Visions of Sugarplums

I have to admit that I have never really been much of an artist -- not a draw-er, anyway. I love to color, but I am one of those unfortunates who can't make a straight line with a ruler. My palm trees are passable, but I'm not really all that great at Pictionary (especially because I always get nigh upon impossible things to draw, like "evade" -- like, really?). Charades? Hell yes. But you don't want me on your team for Cranium unless someone else can do the illustration bits.

Mademoiselle Matisse

However, my inability to create traditional visual art (i.e., paintings and stuff, not digital scrapbook pages, which are more graphic design than actual "art" most of the time, at least when I do it) does not mean I can't appreciate other people's work. I can (and do) lose myself in museums, especially ones with decent Impressionist collections. Drop me in a room with soft natural lighting and some Monets and Renoirs and books of Romantic and Imagist poetry and a big comfy armchair and some tea (Earl Grey, hot), and you might never see me again.

Artist's Hands

Of course, as much as I attempt to enjoy art, I don't always understand it. I'm fully willing to admit that why I love, say, "Bend in the Epte River near Giverny" so much, or "The Bathers," is because I can look at those works, tell what they are paintings of, and then let my imagination run wild, creating stories about these people and places, trying to think up words to describe that particular time of day or that particular shade of pinkish-green or that particular angle of light. I have a hard time with some modern art, because I just don't get what it's supposed to be.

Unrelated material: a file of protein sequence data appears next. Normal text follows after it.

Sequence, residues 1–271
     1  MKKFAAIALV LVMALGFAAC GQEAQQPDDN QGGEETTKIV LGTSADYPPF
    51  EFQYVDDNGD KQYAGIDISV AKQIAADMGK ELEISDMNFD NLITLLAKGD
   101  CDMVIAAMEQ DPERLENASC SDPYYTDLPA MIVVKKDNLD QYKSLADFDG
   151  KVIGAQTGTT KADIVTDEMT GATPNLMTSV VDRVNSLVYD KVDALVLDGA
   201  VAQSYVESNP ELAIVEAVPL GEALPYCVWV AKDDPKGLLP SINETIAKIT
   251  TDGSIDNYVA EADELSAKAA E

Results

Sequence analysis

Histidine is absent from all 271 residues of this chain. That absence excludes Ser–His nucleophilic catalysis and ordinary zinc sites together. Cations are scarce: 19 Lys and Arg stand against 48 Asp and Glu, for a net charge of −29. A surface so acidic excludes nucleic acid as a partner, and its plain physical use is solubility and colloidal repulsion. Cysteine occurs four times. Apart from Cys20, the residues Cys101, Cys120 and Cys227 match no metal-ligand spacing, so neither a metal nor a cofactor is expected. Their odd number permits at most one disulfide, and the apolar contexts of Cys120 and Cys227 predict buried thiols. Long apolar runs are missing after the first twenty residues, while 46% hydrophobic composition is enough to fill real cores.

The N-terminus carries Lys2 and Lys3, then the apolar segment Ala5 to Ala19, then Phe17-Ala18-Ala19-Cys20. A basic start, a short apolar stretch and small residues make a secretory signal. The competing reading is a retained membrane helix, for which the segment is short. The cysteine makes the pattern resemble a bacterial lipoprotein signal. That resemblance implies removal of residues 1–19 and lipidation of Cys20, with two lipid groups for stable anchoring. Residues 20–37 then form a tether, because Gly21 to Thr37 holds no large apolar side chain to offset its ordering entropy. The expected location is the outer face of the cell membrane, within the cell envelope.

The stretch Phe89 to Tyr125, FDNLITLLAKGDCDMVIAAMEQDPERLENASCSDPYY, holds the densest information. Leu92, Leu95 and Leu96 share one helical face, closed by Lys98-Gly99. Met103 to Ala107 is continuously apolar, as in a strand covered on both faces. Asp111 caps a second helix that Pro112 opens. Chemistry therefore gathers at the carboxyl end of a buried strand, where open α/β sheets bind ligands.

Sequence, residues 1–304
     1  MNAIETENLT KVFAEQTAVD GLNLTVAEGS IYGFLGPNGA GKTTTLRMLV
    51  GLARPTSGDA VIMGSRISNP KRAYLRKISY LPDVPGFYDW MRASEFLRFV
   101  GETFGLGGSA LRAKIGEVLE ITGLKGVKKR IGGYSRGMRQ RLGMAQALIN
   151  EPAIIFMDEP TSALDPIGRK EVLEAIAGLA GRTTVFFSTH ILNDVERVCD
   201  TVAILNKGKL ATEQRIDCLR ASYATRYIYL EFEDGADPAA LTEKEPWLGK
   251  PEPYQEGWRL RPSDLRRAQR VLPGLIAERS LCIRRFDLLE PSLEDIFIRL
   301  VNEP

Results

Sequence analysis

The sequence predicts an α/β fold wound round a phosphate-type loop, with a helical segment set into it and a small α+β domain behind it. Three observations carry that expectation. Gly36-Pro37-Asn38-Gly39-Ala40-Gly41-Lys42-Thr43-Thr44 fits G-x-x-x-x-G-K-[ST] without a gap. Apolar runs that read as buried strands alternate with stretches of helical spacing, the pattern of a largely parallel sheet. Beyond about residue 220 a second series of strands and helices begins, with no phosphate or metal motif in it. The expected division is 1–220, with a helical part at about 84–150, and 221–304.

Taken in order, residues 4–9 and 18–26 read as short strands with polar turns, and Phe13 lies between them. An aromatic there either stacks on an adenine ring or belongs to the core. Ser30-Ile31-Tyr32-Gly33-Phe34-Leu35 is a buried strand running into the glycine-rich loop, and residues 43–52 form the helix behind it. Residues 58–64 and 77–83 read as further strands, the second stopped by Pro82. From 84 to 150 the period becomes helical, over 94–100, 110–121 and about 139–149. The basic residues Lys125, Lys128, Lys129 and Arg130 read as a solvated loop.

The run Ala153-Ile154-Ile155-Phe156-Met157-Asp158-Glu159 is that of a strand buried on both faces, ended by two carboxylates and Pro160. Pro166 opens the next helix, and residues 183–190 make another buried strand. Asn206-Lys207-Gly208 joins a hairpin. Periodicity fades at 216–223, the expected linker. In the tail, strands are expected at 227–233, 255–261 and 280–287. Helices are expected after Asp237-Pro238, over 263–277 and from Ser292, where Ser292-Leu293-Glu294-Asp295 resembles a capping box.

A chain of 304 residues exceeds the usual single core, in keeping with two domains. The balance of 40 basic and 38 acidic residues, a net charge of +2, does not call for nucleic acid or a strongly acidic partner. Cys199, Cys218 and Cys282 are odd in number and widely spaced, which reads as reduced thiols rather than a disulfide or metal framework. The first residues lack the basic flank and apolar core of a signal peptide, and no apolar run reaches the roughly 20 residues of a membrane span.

As in the above exhibit. Shae drew this, obviously, and she's already better than I am, although ... what is this, exactly? A large fish? A fairy princess? A Christmas tree? A Rorschach test? I am not (entirely) making fun here either, or being snarky. I honestly want to know. I want to understand. She clearly had a grand old time making this picture, and I want to encourage her to keep doing this. I want to fill my refrigerator with her artwork, however cubist or deconstructionist it may be.

And I can't wait to introduce her to Jackson Pollock. Because that stuff all looks so angry to me, but doesn't it look like a hell of a lot of fun to make?


  1. looks like she needs polish again love mom

  2. just ask her what it is. and then say, oh yeah, i can see how this part is this, and that part is that. and even if you're wrong, who cares? she'll let you know what she was thinking. you just have to ask ;-)

    and bah humbug on the polish. she's only two.

  3. i'm afraid i do not set the best example, polish-wise. i haven't had a pedicure or even painted my own toenails since shelley's wedding.